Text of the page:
Santa Rosa Police Department promotes Rainer ‘Ray’ Navarro to be next police chief

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Capt. Rainer “Ray” Navarro, a veteran of the Santa Rosa Police Department who worked to curb gang violence and homelessness over his 27-year career with the law enforcement agency, will be promoted to police chief.

Navarro, who will become the first Latino to lead the city police department, is the third consecutive chief chosen from within the 182-officer department. He will replace retiring Chief Robert “Hank” Schreeder on Aug. 1, the city announced Thursday.

Navarro, who is turning 50 soon, led the development of Santa Rosa’s outreach and enforcement program for addressing homeless camps, implemented an anti-gang program involving local schools and helped the transition of law enforcement agencies in Roseland after the city annexed the predominantly Hispanic southwest Santa Rosa neighborhood in late 2017.

He also helped manage the city’s response to the October 2017 wildfires, a crucial pivot point in his professional aspirations.

“It wasn’t like I wanted to be chief my entire time,” Navarro said in an interview Thursday. “I wanted to be in a position where I could best impact my organization and community.”

Navarro served as a detective in the city’s gang and violent crimes units, later serving as sergeant in the gang unit and then as lieutenant overseeing traffic and special events. He was promoted to captain in 2015.

Navarro credited Schreeder for making sure he was involved in key roles, such as the department’s struggle to adapt to a landmark police transparency law and its role in dealing with illegal homeless camps. Navarro said that level of engagement has been possible throughout his career with the Police Department, leading to his historic appointment.

“It’s a humbling experience to know that I am a pioneer here, but it really is largely because of how the city has allowed me to develop and given me opportunities,” he said.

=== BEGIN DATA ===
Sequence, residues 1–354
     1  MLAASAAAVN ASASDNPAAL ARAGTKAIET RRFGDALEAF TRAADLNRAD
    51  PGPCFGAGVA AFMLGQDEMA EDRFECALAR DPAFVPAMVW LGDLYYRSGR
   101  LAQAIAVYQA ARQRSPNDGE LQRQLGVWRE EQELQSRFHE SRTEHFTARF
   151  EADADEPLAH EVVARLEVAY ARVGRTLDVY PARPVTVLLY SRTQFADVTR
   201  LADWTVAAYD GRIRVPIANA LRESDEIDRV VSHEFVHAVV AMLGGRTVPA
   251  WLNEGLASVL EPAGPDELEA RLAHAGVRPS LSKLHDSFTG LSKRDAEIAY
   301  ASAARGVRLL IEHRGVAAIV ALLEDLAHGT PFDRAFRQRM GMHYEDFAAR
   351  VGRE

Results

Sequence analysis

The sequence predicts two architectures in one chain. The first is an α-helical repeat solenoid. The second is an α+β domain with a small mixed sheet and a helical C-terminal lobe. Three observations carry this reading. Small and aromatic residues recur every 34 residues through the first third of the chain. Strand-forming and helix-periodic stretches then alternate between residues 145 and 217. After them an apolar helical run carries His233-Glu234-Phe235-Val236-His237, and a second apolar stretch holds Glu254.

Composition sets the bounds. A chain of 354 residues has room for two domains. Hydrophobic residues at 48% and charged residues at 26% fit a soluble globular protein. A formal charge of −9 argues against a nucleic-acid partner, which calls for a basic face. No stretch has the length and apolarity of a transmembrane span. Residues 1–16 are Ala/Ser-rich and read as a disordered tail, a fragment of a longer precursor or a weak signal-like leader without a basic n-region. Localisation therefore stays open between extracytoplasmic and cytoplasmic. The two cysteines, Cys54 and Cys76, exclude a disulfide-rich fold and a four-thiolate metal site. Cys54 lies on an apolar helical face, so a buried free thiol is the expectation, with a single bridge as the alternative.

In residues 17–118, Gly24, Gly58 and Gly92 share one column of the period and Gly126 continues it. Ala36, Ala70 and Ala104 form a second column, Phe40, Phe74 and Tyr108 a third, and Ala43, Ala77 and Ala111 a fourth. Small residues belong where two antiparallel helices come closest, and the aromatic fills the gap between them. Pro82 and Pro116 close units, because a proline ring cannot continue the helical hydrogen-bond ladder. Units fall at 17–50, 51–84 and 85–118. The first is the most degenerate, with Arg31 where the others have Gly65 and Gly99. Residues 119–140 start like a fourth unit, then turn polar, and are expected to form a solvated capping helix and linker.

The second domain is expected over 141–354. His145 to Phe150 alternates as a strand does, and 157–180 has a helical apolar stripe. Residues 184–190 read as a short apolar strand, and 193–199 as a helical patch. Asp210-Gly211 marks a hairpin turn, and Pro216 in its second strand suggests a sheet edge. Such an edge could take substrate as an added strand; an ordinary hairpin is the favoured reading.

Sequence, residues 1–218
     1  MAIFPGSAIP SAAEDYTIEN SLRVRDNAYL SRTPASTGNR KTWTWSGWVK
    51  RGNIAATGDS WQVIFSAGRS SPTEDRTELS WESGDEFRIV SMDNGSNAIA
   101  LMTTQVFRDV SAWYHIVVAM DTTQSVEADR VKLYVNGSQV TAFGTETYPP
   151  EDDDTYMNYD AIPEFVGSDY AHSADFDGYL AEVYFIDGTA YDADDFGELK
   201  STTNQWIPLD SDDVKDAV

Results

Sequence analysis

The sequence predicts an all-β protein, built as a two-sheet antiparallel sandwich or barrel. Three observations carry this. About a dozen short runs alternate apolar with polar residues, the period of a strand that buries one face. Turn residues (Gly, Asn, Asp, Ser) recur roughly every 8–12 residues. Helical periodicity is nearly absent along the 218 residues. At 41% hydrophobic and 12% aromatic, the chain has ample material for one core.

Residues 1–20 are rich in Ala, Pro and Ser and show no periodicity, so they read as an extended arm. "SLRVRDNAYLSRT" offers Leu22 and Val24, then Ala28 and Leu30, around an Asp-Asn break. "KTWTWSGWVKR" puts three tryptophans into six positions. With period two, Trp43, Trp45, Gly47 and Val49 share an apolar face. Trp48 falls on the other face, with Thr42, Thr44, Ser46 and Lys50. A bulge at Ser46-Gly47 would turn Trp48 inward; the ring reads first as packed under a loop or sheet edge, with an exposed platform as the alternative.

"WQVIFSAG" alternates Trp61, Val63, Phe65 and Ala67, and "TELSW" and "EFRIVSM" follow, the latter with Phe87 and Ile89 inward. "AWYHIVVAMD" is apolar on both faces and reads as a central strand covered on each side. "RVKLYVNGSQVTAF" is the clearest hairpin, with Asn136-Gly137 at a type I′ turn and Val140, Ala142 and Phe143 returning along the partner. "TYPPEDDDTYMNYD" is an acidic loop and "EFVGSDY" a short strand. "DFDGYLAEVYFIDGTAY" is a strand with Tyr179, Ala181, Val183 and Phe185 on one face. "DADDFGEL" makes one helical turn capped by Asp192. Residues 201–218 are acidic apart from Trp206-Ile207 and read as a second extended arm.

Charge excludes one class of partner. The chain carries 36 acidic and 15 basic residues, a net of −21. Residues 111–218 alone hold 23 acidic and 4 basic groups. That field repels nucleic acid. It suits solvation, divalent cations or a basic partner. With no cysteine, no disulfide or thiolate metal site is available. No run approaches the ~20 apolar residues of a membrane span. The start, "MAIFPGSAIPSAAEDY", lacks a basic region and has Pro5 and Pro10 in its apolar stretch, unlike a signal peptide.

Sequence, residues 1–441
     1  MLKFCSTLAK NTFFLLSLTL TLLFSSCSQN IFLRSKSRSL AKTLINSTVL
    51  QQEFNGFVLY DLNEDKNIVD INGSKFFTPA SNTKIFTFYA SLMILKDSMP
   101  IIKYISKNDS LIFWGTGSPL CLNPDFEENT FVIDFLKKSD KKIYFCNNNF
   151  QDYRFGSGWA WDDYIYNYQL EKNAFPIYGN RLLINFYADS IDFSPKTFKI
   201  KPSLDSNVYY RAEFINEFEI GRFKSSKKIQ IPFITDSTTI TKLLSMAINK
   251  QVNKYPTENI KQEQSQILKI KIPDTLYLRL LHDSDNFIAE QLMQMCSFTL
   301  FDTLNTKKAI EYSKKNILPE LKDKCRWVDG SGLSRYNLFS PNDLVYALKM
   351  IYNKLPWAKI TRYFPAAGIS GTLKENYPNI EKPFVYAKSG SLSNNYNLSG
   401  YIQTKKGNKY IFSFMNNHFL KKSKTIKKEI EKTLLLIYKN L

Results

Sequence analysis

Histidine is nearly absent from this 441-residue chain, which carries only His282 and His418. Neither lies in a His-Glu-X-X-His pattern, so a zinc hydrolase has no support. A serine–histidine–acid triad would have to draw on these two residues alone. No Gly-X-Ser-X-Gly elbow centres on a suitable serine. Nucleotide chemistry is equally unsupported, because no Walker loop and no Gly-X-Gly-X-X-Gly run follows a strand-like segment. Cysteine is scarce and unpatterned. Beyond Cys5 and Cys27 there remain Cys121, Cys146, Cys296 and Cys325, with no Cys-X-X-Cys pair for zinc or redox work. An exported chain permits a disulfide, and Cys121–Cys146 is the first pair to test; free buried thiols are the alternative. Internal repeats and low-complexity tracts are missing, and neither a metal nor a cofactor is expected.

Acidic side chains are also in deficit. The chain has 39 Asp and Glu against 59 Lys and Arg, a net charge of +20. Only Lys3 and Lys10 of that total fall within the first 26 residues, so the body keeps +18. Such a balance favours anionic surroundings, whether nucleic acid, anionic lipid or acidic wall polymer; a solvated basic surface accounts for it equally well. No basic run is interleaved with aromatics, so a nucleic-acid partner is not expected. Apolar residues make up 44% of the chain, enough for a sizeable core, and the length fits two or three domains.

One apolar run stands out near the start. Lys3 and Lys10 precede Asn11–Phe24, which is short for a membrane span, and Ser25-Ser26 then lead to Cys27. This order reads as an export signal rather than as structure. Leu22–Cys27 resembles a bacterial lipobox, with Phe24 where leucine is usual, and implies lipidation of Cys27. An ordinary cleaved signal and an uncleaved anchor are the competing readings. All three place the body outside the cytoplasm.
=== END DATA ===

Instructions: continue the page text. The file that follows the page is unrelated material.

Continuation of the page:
That’s not to say there weren’t bumps along the way. In 1996, a 26-year-old Navarro was racing to aid a fellow officer when he crashed his patrol car. A third officer was needed to arrest a combative suspect, and Navarro survived with minor injuries and a serious lesson: “If you don’t get to where you’re supposed to go, you’re putting other officers and the community at risk.”

Engaging the public to build trust will be a top priority for Navarro, starting with a series of meetings out in the community — and they will be out in the community, he emphasized.

“I don’t want to set up a meeting at the police station and have three people show,” Navarro said.

Navarro said he would also focus on maintaining and improving police training procedures — especially for de-escalating tense situations, intervening during a crisis, and responding to active-shooter situations — and on implementing new technology to help the department become more efficient.

“Law enforcement’s usually several years behind the rest of the world when it comes to how we use it,” he said. “I want to bring us current.”

Navarro inherits a department that just lost six positions in a round of citywide budget cuts, and over the next several years, faces the expiration of local tax measures and the ramifications of the city’s broader fight to manage its pension obligations. He said he wanted to focus on “being able to recruit, retain and develop qualified professionals that reflect the community.”

Schreeder said he had faith in Navarro’s ability to grapple with “significant challenges” in the budget of a “fairly lean” department while adapting to new legislative mandates pertaining to police records and racial profiling.

“Ray is probably one of the most conscientious people I’ve ever met,” Schreeder said. “He’s just a genuinely nice person and really cares.”

Navarro’s hiring also was praised by Sylvia Lemus, a member of the Community and Local Law Enforcement Task Force who knows Navarro personally from her work organizing Roseland’s annual Cinco de Mayo festivities. She said she hoped Navarro would be a positive role model for young people, especially Latinos, and would help build relationships with residents of southwest Santa Rosa.

“There’s a big part of the community that still has a hard time relating to law enforcement,” Lemus said.

It was unclear why the hiring process did not involve public meetings, like those that led to Schreeder’s hiring in 2015. City Manager Sean McGlynn did not respond to a request for an interview.

Navarro’s starting salary will be $224,217, the top of the range for the position. He was selected out of about 25 other candidates, mostly police leaders from comparably sized departments, and interviewed with a range of panelists comprised of city staff as well as local educators, business leaders and representatives of Los Cien, the Sonoma County Sheriff’s Office, the Council on Aging, and the Boys and Girls Club, according to a city spokeswoman.

He has worked his entire law enforcement career in Santa Rosa.

He previously served in the Navy and attended Santa Rosa Junior College, Sonoma State University and the University of San Diego.

“Being the chief here is very personal,” Navarro said. “Any time there’s a shift in leadership, it’s being able to say, ‘You can trust me as we move forward.’”

You can reach Staff Writer Will Schmitt at 707-521-5207 or On Twitter @wsreports.

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